On the Basis of Personality: How Harvard’s Admissions Policy Hurts Asian Americans and the Future of Affirmative Action

If being surrounded by diverse peers allows students to learn early on to purge themselves of implicit biases and avoid stereotyping their peers based on race or ethnicity, then the need for such race-based policies in college admissions is clear. Affirmative action’s goal of ensuring the advancement of minorities inherently includes the goal of removing biases against them in the professional world. This goal is especially relevant to Asian Americans, who are less likely than both African Americans and Hispanics to be promoted into management roles in the workforce. The value of a “diverse” education is diminished if affirmative action policies fail to reduce the false notion of Asian Americans inherently lacking leadership skills. More pressingly, affirmative action policies will fail Asian American graduates if they are not allowed in the classroom in the first place. [read more]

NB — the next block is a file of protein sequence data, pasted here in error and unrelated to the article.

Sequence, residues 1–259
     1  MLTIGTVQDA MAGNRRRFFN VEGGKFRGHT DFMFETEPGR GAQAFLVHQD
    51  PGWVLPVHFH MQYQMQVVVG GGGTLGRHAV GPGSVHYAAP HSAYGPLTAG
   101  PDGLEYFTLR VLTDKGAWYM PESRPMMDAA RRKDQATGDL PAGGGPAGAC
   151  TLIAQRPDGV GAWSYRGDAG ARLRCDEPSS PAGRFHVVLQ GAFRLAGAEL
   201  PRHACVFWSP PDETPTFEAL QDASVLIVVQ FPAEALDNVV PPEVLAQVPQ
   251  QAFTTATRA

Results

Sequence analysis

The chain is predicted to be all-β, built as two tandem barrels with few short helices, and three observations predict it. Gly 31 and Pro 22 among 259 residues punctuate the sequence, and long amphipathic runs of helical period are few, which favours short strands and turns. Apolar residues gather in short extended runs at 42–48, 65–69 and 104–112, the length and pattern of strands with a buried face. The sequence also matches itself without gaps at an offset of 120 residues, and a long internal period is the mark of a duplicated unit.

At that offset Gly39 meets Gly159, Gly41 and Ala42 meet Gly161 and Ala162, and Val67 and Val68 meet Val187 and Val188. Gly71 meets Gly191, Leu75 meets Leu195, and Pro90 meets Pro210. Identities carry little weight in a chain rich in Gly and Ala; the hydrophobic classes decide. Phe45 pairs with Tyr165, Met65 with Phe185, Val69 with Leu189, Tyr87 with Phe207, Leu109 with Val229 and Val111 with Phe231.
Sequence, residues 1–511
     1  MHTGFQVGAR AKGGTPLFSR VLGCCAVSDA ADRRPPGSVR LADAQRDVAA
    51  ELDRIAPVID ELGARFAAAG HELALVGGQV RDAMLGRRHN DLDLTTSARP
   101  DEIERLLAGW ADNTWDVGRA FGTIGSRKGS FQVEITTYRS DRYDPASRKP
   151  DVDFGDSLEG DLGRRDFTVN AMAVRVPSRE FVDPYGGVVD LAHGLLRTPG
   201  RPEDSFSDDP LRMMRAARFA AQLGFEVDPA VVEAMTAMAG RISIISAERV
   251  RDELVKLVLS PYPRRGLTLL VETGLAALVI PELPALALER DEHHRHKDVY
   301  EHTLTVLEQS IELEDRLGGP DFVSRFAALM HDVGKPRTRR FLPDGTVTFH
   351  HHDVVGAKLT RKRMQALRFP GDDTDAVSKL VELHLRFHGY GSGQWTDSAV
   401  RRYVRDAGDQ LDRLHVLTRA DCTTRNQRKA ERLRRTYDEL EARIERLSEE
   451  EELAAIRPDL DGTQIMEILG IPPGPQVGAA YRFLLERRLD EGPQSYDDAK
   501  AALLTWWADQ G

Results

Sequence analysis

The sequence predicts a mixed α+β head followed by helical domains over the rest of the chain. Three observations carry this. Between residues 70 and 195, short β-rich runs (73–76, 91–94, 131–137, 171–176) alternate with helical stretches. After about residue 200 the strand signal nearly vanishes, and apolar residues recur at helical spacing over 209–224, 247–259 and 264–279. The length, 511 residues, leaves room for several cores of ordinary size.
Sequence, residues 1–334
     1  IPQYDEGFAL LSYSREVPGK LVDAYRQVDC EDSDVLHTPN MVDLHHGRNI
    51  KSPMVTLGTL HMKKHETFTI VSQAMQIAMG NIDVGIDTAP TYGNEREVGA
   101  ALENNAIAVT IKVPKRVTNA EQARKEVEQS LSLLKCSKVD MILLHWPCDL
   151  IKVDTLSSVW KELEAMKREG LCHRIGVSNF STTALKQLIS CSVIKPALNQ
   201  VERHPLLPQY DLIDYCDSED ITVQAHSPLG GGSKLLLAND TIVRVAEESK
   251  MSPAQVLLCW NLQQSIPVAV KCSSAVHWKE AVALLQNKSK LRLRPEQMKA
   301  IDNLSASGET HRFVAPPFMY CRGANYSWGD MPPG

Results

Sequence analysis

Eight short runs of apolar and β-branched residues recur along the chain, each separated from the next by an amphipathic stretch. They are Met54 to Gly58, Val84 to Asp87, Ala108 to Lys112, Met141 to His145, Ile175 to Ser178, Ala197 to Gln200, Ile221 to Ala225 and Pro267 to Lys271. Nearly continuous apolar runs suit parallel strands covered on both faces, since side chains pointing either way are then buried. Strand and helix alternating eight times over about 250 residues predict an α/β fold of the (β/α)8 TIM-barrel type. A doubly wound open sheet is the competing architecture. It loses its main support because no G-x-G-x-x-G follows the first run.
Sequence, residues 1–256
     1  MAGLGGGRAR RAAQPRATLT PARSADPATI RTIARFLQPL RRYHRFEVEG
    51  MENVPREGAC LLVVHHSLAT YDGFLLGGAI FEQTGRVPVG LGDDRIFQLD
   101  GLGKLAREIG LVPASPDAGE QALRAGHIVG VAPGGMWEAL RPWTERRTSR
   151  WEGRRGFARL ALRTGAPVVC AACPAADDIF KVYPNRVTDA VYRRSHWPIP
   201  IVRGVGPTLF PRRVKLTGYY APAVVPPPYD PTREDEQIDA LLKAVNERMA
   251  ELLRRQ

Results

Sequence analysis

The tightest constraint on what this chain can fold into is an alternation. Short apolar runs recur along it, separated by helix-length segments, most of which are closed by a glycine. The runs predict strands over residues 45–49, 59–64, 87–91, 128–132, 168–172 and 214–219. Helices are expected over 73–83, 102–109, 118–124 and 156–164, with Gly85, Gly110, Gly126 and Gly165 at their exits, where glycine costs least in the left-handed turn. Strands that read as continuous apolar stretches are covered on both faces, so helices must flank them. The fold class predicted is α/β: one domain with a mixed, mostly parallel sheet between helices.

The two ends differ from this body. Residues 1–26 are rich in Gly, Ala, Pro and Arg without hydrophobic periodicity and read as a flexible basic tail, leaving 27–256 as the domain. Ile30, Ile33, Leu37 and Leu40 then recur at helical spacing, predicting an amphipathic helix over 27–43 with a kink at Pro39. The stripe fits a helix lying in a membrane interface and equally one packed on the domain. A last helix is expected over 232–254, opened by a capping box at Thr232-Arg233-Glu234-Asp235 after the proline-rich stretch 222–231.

Fight or Flight: Explaining Minority Associate Attrition

Diversity has been a prominent problem in the legal profession. Law is among the least diverse professions in the nation. According to a survey conducted in 2016, racial minorities represent about 20% of all attorneys at law firms. The industry has seen efforts to incorporate minorities into law schools and law firms, including minority mentorship programs, partner training, and objective evaluation methods; however, progress has been achingly slow. In the seven years between 2009 and 2016, the percentage of women in law firms has grown by less than one percent and the percentage of minority lawyers has only increased by about two percent. The lack of diversity is exacerbated among more senior attorneys. A survey of national law firms showed that while minorities compose 32% of the summer associate class at law firms, minorities compose 8% of partners. Thus, the primary impediment to diversity in law firms is not the hiring, but the retention of minority attorneys. Minority attorneys are 1.3-1.5 times as likely to voluntarily leave their law firms compared to white, male attorneys. Minority partners are almost three times as likely to leave their positions compared to white men. Minorities’ greater dissatisfaction with private sector jobs  may be [read more]